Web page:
Toggle switches are a simple way to activate accessories in
your car. There are many ways they can be used and wired. Here we will go
through some basic applications and switch types. Note the included diagrams
are for reference only. Always make sure you are using a switch and wire
sufficient to handle the power you are carrying. In higher draw applications, a
relay may be utilized.
Illuminated Rocker Switch Wiring
Relay Uses and Wiring
If you have any doubts, go to a professional. Improper wiring can
damage your vehicle’s electrical system or cause a fire.
1. SPST Toggle switch (Singe Position, Single Throw)
A SPST switch is a simple On – Off switch. They typically have two
terminals. One is for input, the other for output.
In one position the switch is ‘Open’ and no
connection is made, and no power can flow to the accessory. In the other position
the two terminals are connected and power can flow through.
Here is an example of how a SPST might be
wired to power a light.
2. SPDT Toggle Switch (Single Position, Dual Throw)
A SPDT is a bit more sophisticated. It makes one of two connections. Here is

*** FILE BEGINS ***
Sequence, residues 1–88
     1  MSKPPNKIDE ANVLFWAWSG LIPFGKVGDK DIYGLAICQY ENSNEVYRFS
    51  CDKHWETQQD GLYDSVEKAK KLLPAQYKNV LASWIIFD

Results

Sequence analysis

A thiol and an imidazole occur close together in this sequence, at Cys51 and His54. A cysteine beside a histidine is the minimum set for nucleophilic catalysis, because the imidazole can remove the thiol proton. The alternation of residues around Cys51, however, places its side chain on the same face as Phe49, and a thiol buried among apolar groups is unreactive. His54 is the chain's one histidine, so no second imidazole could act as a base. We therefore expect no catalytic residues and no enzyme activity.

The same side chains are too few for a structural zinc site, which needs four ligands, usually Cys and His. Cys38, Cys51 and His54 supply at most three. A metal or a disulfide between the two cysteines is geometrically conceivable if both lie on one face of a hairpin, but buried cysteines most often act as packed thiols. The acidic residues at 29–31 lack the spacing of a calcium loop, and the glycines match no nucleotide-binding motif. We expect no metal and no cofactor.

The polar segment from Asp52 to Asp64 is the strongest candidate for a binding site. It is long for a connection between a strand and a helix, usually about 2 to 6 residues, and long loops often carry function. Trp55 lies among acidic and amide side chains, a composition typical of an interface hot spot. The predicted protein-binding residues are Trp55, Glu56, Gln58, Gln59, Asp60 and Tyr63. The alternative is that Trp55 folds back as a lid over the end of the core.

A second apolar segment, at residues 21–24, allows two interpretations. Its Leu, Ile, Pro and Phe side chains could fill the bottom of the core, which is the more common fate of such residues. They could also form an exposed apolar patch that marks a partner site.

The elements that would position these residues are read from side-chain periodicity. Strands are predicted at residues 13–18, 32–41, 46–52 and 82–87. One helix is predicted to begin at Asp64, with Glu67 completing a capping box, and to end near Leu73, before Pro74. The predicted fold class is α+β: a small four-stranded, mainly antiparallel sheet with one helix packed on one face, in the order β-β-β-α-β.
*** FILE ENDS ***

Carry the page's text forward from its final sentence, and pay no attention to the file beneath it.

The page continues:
a diagram of a SPDT toggle switch.
Terminal 1 is connected to one load or
accessory, Terminal 3 is connected to another load or accessory. Terminal 2 is
connected to power. The switch is always making one of the two connections and
flips between them. As long as power is connected to the switch, one is always ‘On’.
In the below example the red light is illuminated in one position and the blue
light is illuminated in the other position.
3. DPDT Toggle Switch (Dual Position, Dual Throw)
A DPDT switch can be a bit confusing. It might be easiest to consider it to be
two SPDT switches in one. They can connect two different power sources to two
different loads or accessories at the same time. Here is a diagram.
A DPDT switch has six terminals. #3 and #4
connect to the power source. #1, 2, 5 and 6 are for the loads/accessories. In
one position power from terminal 3 is connected to terminal 1, AND power from
terminal 4 is connected to terminal 2. In the other position power from
terminal 3 is connected to terminal 5 AND power from terminal 4 is connected to
Suppose you had a small cooling fan you
wanted to run on cool days and a larger cooling fan you wanted to run on hot
days. You wanted an indicator to signal which was being used – a blue light for
the small fan, and a red light for the big fan. Here is how you might
accomplish that with a DPDT switch. Note that either one or the other is
running, there is no way to disconnect both fans and lights as long as power is
running to the switch. (Radiator fans can
draw a lot of current, this is an instance where a relay might be warranted –
this is just an example of how a DPDT switch might be used)
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